Sealed wells or wells with insufficient airflow at the cap Wellntel will not work reliably, and may break or be damaged, on a well with insufficient venting to allow for the entry or escape of air into the well during pumping events. Installing a Wellntel Sensor on a well with insufficient venting may damage the Sensor, and will void the warranty. To enable venting where turtle caps are used, replace a cap lacking vents with one that includes vents. To enable venting on a well seal, Wellntel recommends the addition of a common T-fitting and sanitary air vent below the Wellntel sensor system.
Dry Caverns Wellntel will work out-of-the-box on most wells with casing pipes or wells with casing pipe giving up to fractured rock, as long as the rock walls provide adequate continuity of signal. In rare cases, wells are drilled through large open-air caverns or other non-contiguous geology such as caverns and caves and sounding tubes are not installed, or caverns were exposed by groundwater depletion. Where these features are present, it is best to mount Wellntel on an access port fitted to a sounding tube. In this case, the sounding tube contains the signal and enables successful readings. Sounding tubes are not always a standard feature included in well construction, but are more common in areas with these types of geologic formations. Wellntel recommends a sounding tube be installed by a qualified well servicer as a matter of practice in regions where the geology demands.
Cascading or Falling Water Wellntel can compensate for most cascading water conditions as long as there is not so much noise from falling water as to attenuate Wellntel’s maximum signal strength. Then, it’s like shouting into a downpour. Cascading water in a well is generally viewed as an unhealthy condition and should be corrected by a Well Service professional by adding a sleave to stop the flow. However, where cascading is present, it will help to mount Wellntel on an access port fitted to a sounding tube.
Sounding Tubes Wellntel can be configured to work through common sounding tubes, and indeed, they are usually a solution to other problem. But sounding tubes themselves may require special calibrations and hardware adaptations. It is important to make sure that sounding tubes are well vented. A factory technician may also suggest alternative sensor placement, special sounding tube construction and signal programming.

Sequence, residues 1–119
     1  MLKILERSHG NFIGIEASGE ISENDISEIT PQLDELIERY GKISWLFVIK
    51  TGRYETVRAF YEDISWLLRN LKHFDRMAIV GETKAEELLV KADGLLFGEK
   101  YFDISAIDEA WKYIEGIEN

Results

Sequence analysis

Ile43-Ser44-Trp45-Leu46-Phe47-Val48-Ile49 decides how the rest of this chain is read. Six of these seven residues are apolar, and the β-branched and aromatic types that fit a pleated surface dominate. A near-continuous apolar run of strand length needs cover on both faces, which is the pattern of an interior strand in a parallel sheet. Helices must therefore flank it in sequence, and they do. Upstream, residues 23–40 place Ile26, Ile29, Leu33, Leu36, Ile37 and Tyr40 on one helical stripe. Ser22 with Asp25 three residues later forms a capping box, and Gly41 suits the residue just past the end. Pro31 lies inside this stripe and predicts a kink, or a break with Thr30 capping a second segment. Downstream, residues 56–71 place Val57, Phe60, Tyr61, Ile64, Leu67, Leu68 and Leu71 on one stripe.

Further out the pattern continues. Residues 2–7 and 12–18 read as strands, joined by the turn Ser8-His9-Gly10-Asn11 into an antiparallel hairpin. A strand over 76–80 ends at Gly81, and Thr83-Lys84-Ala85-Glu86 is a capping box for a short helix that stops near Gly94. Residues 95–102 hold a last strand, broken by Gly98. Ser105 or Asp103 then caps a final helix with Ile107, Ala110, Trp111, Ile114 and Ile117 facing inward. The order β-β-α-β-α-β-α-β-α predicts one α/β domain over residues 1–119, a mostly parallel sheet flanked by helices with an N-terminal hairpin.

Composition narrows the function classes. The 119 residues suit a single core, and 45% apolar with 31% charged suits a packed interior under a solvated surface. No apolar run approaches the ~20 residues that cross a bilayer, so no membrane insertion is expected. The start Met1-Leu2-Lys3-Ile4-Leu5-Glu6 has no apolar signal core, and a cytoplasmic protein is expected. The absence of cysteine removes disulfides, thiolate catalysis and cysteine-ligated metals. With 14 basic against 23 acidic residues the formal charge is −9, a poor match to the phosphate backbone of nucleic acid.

Quiet Pumps In cases where the pump is not in the well, is so deep in the well as to be unheard by Wellntel’s listening circuit Wellntel sensor may not be able to sense when a pump if running. If pump-triggered readings are desired, Wellntel should be configured to use either the a Pump Performance Kit – included with every Wellntel Kit.
Variable Frequency Driven Pumps Sometimes the presence of a Variable Frequency Drive (VFD) can create noise conditions in the wall that interfere with Wellntel’s signal. In some rare cases, a VFD can create a pattern of mixed results. To address these special conditions, a technician may recommend higher or lower signal sensitivity, special signal frequencies or other techniques to filter for accurate readings. As the fleet expands, Wellntel engineers are applying algorithmic patches to address these mixed results situations.
Artesian wells with spools Wellntel recommends against installing on artesian wells with sealing spools. The physical separation between the unpressurized area above the spool and the pressurized area below the spool prevent the signal from getting to where it needs to go. No solution at this time.
A closed pit-less adapter Pitless adapters like those found in large capacity wells present a large obstruction to the Wellntel signal, and may cause incorrect readings. A factory technician may suggest alternative sensor placement, special sounding tube construction and signal programming.
Long telemetry distances or complex telemetry challenges Places where the Sensor and Gateway are further than about ½ mile apart or where there are large obstructions between them, may suffer poor radio communication. The most difficult obstructions include large hills, stucco or metal clad construction or think vegetation. Optional cable extensions to move or lift antennae can help to overcome interference from obstructions. Wellntel also provides a hardened outdoor Gateway package. A customer can also choose a cellular model plan or to use Wellntel’s remote retrieval software Sensorbuddy.